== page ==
Embracing Mobile: A Good Strategy for Survival

By David Mitchell, President at NYMBUS

There’s arguably a more significant aspect to the digital revolution than the growth in mobile device usage. A report by The Mobile Economy provides some mind-boggling statistics to show the extent of mobile adoption.

According to the report there are 4.8 billion unique mobile subscribers globally, around 60% of the world’s current population. Unique subscribers are expected to grow to 5.7 billion by 2020, with 4.7 billion expected to access the internet through a mobile device at the same time. Since 2010, $1.2 trillion has been invested in global mobile technology and infrastructure.

Banks and credit unions can therefore not ignore the opportunities and customer reach that mobile platforms will afford them. In addition, there are many advantages to adopting a mobile banking strategy, especially from a customer perspective. This includes ease of use, increased accessibility to services, benefits to the environment by going paperless and interesting, innovative and attractive product diversification.

Mobile banking ​h​as moved on from the standard online banking platform that is now expected to be included as part of the package. Consumers are looking for intuitive ways in which their mobile apps and banking needs can be integrated. Benefits to banks and credit unions themselves of adopting a mobile strategy will include being able to compete in the marketplace, reinforcing loyalty with current customers and cost savings that will improve their bottom line.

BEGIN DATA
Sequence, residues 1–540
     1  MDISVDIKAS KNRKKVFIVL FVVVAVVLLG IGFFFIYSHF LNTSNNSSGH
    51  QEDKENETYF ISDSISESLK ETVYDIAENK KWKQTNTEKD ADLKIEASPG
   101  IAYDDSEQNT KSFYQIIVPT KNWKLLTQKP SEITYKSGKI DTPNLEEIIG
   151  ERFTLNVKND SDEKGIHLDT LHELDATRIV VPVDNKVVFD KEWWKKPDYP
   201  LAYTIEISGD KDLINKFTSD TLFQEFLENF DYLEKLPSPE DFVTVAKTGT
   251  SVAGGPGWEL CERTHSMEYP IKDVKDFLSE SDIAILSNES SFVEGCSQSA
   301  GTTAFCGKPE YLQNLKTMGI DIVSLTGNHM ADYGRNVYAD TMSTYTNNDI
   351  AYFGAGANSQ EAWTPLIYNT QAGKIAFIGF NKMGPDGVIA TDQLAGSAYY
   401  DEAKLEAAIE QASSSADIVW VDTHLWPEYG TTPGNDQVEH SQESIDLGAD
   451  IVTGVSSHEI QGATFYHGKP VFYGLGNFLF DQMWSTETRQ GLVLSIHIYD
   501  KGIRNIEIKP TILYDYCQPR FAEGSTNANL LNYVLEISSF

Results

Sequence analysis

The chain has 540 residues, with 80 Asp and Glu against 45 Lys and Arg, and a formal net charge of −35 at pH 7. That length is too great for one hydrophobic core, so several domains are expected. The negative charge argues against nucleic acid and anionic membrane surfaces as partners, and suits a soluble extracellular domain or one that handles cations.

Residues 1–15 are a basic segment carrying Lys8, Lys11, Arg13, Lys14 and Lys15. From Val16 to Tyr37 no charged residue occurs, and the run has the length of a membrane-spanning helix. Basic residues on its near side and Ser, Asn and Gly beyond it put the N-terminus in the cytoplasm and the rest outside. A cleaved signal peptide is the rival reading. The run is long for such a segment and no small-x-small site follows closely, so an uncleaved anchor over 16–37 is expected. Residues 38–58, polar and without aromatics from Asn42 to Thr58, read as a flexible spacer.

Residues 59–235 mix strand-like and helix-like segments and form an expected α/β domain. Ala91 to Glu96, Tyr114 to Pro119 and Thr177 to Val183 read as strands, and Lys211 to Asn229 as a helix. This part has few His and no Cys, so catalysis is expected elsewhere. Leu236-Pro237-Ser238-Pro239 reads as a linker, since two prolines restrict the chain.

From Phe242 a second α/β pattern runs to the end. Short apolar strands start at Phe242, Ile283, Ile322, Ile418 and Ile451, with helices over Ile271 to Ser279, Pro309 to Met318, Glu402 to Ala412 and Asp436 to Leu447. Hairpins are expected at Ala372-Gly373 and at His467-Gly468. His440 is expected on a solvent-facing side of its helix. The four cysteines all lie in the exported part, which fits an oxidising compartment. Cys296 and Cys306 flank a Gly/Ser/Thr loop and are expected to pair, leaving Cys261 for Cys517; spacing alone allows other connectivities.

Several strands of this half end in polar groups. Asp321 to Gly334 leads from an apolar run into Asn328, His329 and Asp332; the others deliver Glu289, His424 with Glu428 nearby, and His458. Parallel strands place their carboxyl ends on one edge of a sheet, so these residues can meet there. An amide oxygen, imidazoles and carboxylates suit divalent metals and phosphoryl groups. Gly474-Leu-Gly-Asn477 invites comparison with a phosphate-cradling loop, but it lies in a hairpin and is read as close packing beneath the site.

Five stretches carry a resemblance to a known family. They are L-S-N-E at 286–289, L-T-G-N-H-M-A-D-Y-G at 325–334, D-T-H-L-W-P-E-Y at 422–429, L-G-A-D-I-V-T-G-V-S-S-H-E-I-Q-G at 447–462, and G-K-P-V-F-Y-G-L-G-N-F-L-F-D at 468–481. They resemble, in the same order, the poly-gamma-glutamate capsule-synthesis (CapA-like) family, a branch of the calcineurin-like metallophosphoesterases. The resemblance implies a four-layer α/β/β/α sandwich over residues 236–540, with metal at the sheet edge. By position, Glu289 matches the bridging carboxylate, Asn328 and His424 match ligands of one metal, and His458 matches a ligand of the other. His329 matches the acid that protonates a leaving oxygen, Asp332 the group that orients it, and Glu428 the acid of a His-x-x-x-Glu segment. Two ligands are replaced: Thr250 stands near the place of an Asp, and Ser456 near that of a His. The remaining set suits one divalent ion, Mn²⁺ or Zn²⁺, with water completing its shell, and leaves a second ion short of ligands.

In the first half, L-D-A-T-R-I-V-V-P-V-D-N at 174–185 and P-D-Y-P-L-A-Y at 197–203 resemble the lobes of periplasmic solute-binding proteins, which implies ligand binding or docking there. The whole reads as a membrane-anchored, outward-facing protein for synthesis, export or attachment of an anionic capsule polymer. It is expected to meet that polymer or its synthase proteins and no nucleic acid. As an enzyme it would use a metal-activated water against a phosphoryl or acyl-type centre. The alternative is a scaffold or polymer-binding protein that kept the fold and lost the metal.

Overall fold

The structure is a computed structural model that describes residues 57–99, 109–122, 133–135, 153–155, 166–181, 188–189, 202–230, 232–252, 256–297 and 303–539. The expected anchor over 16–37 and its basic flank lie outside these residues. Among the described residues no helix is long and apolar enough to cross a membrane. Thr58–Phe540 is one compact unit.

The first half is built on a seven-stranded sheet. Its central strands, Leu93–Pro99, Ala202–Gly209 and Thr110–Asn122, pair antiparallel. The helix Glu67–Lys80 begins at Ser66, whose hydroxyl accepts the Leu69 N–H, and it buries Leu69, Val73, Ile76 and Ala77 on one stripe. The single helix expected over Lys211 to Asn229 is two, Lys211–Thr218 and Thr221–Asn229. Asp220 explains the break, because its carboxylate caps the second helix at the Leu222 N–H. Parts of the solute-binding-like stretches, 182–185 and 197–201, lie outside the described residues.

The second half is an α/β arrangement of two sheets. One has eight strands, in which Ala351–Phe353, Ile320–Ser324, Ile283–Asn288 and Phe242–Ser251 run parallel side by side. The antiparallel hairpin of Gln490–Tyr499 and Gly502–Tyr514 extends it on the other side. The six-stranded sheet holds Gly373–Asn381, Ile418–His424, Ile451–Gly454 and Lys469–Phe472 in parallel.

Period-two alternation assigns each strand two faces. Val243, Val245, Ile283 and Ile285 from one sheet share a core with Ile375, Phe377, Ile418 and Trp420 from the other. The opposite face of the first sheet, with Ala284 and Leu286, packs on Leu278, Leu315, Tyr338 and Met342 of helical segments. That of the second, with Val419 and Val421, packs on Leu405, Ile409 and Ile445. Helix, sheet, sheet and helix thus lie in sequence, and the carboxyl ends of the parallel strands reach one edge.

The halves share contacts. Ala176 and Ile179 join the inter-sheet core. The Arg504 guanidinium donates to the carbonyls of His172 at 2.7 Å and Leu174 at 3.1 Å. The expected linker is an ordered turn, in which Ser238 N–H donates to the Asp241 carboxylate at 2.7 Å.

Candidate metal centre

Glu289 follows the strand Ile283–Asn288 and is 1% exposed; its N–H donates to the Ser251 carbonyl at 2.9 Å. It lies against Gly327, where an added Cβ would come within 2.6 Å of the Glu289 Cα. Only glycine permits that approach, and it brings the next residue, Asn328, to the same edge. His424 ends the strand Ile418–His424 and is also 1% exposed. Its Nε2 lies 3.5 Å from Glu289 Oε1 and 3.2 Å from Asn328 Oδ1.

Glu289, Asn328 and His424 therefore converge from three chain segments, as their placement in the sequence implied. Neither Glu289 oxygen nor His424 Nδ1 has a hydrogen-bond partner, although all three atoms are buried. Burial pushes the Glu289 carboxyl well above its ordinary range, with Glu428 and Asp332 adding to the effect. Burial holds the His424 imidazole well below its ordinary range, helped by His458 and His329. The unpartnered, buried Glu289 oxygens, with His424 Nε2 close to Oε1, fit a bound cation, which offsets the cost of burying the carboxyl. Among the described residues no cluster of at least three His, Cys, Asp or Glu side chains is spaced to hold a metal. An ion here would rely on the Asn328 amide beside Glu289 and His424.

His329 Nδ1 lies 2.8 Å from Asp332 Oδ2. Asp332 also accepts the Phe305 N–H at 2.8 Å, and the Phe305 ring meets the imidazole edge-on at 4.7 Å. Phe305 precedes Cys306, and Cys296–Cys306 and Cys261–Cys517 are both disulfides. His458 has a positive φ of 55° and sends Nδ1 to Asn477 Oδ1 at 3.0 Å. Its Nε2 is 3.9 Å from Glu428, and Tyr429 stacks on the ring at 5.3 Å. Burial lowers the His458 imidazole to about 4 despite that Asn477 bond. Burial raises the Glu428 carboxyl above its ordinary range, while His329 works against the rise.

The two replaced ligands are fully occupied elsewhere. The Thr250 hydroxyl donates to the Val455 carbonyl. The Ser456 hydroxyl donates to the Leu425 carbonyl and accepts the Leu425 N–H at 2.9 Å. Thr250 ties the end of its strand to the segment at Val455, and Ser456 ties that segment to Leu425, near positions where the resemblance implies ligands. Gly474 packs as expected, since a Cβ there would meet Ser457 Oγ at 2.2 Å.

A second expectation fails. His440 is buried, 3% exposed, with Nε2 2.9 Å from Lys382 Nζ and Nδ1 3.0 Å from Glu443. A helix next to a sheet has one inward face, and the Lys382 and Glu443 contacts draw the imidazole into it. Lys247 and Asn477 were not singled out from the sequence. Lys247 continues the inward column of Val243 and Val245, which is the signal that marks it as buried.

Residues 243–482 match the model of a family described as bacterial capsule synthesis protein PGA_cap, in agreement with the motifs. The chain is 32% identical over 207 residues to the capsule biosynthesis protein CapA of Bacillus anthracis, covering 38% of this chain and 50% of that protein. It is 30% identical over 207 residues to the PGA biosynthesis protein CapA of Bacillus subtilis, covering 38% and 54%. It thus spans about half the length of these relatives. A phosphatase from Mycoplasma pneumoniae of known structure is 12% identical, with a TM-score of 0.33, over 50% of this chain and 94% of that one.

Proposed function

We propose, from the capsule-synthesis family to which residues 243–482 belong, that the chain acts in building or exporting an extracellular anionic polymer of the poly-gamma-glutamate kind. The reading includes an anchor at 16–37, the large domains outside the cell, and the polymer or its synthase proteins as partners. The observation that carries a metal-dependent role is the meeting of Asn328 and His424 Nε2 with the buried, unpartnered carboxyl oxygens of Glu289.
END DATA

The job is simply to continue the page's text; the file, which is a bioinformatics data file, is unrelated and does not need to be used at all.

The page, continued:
Personali​z​ation is important

Customers know that their financial service provider of choice has other clients but that doesn’t mean they want to feel any less valuable. Banks and credit unions have an opportunity here to utilize the available technology to build mobile banking apps around specific customer needs. They need to move away from the “one size fits all” mentality.

Apart from maintaining a clean interface, they need to ask the customer what they can do for them individually through their mobile applications and online banking platforms. This will include looking at past transactions and user activity and then us​ing​ this information to suggest personali​z​ed services. ​For example, a​ student with a​n education​ loan might not want to look at mortgage products but will be very interested ​in ​overdraft facilities available to them.

A worthwhile detail would be to allow customers to switch off certain features so they don’t become overwhelmed by content and to provide quick access channels to services they use regularly (account transfers, account statements, etc.)​.​

Providing cutting-edge services

It goes without saying that mobile platforms should allow clients to do the basics, like check account balances, view transaction details and transfer money.

However, everyday transacti​on​s through banks or credit unions can sometimes feel a bit tedious and bland. Financial providers therefore have to go a step further. Customers want more excitement and one way of providing this is to ensure that the products and services on offer are current.